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Environmental, Safety, and Recycling

The goal of this website is to provide direct and timely information to Facilities Management workers on issues of regulatory and professional standards regarding occupational safety and the environment. The University's Environmental, Safety, and Recycling Manager (ESRM) maintains this site as a service to those needing access to the University's written safety programs, chemical safety and disposal information, maintenance and laboratory chemical labeling assistance, and safety reference material. 

All safety programs included on this website are intended to fulfill, in part, the University's obligation under the Occupational Safety and Health Act of 1970 to provide "a workplace free of recognized hazards that are causing or may cause death or serious physical harm." By allowing electronic access to them, the ESRM hopes to assist employees with their obligations under the Act to "comply with occupational safety and health standards promulgated under this Act." The University recognizes that the hazards which may be present on campus are universal, and that the safety precautions established for employees are to be applicable to all members of the University community.

All recycling and chemical disposal information included on this website is intended to broaden the awareness of the University community with regards to proper environmental practices. "Green" and Sustainable initiatives like recycling continue to improve and grow as the community becomes more aware of existing programs and practices. 

The ESRM will use this website to communicate necessary changes to current environmental (including recycling) and or safety related programs.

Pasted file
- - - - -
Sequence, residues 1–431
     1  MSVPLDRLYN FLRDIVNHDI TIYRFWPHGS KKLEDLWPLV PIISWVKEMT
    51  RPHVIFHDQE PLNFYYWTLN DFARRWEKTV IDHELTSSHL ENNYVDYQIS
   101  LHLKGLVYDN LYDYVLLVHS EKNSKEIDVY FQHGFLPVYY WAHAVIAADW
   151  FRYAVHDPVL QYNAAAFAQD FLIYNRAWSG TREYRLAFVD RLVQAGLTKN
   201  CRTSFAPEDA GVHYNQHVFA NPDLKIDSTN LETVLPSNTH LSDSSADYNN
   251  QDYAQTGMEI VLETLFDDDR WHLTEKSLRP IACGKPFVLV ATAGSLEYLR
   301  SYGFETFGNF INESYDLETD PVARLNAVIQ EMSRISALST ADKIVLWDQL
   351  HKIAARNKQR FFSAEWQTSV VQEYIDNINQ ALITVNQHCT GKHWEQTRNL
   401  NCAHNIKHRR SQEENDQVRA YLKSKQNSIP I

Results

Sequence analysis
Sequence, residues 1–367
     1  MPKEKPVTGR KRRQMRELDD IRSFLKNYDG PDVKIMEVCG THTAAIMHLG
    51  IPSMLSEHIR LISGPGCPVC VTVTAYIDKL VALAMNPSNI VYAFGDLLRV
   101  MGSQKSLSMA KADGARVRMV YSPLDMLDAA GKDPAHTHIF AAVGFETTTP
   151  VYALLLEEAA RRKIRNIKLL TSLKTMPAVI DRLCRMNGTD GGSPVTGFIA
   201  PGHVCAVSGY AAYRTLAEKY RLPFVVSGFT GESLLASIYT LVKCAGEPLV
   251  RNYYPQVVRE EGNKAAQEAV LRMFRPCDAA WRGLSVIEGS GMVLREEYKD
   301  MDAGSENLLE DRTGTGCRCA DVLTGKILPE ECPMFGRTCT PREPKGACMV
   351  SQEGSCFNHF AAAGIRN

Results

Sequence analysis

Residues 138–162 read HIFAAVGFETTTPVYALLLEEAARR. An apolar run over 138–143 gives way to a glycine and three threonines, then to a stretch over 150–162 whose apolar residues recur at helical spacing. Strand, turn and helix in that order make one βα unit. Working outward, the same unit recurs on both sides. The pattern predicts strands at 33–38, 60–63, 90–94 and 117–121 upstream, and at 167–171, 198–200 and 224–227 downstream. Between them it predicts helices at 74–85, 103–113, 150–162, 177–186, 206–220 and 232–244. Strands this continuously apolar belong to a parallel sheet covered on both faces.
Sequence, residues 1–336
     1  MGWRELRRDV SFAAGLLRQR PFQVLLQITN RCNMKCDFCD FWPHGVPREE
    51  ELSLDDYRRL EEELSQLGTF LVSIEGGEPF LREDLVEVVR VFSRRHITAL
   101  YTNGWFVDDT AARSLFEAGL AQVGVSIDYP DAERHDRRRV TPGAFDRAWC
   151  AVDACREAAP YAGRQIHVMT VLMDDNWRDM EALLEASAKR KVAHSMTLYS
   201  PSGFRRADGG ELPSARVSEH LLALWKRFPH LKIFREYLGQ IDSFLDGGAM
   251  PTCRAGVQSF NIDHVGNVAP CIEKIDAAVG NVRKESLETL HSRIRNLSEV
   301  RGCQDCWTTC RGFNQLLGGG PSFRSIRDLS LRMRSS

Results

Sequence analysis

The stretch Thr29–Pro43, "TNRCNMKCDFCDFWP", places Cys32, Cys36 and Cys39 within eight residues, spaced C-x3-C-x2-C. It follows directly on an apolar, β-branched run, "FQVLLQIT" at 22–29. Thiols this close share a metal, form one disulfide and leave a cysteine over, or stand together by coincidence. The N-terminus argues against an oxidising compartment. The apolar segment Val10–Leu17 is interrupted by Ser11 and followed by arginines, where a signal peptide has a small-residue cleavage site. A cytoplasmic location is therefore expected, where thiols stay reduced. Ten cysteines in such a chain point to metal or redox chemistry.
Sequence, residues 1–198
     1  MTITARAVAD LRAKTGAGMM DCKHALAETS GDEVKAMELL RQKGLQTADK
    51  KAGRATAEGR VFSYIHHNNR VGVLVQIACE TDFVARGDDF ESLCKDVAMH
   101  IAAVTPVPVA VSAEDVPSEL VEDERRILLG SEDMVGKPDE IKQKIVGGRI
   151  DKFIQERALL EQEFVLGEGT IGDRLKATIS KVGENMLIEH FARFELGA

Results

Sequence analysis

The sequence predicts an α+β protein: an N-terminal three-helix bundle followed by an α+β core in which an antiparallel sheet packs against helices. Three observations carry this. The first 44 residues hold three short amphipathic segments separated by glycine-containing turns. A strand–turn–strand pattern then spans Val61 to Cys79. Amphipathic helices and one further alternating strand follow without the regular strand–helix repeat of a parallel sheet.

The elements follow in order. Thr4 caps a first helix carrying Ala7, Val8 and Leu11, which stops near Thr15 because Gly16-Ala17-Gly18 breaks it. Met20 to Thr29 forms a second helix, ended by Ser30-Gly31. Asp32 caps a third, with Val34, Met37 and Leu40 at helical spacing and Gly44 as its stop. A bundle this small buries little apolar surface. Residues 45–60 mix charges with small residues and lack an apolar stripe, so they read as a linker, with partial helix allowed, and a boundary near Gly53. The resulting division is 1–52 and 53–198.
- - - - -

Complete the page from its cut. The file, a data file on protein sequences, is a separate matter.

Laboratory operations are regulated by the Occupational Safety and Health Administration (OSHA).  The University has developed a Chemical Hygiene Plan to help maintain safe work practices within the laboratory.

Chemical Hygiene Plan

Particularly Hazardous Substance List (Not All Inclusive)


The University has a multitude of recycling operations ongoing on Campus.  Containers to recycle paper, bottles and cans are located within Administrative Buildings.  Wherever possible, these recycling containers are collocated next to trash containers.  Cardboard can be folded up and placed next to trash cans for recycling into a larger dumpster located outside.  Faculty, Staff and Students are asked to become active participants in the recycling program by segregating paper, bottles and cans from the trash.  If not right next to the trash there is a recycling container nearby.  The following link describes recycling efforts in more detail.

Recycling Information


Chemicals are an important part of everyday life.  Whether cleaning, painting, gluing something back together, or fueling a motor,  a chemical substance serves as the essential ingredient in the process.  While chemicals are specifically manufactured to produce a desired effect, they can be hazardous. Health (i.e. toxicity) and physical (i.e. fire) hazards are the most common amongst chemicals.  It is important that chemical users understand what they chemicals they are using while at the same time understand how the chemical may hurt them. Users should be sure to read chemical labels and the associated Safety Data Sheets (SDS) in order to protect themselves from danger.  The following link offers more information on chemical safety.

 Chemical Safety Training Manual


Chemical mixtures, solutions and chemical containing products need to be disposed of according to very strict and detailed regulations. The particular hazards (health or physical) of these chemical items will dictate how they need to managed.  Most chemical baring items cannot be flushed down a drain or be placed in the regular trash.  If you are working with chemicals on campus be sure to understand if end products (i.e. contaminated rags or brushes; unused product; reactionary byproducts; etc...) need to be collected for disposal. Questions regarding disposal of chemical items can be directed to the Environmental, Safety and Recycling Manager.

Hazardous Waste Training Guide


There are many, very basic hazards present at the University.  The job you are assigned will dictate the hazards (physical and/or health) introduced as part of the work. You should be able to recognize these hazards and be prepared to implement procedures that minimize your risk to them. You should work together with your Managers and Supervisors in order to make sure work is planned properly and hazards are controlled. 

Hazard awareness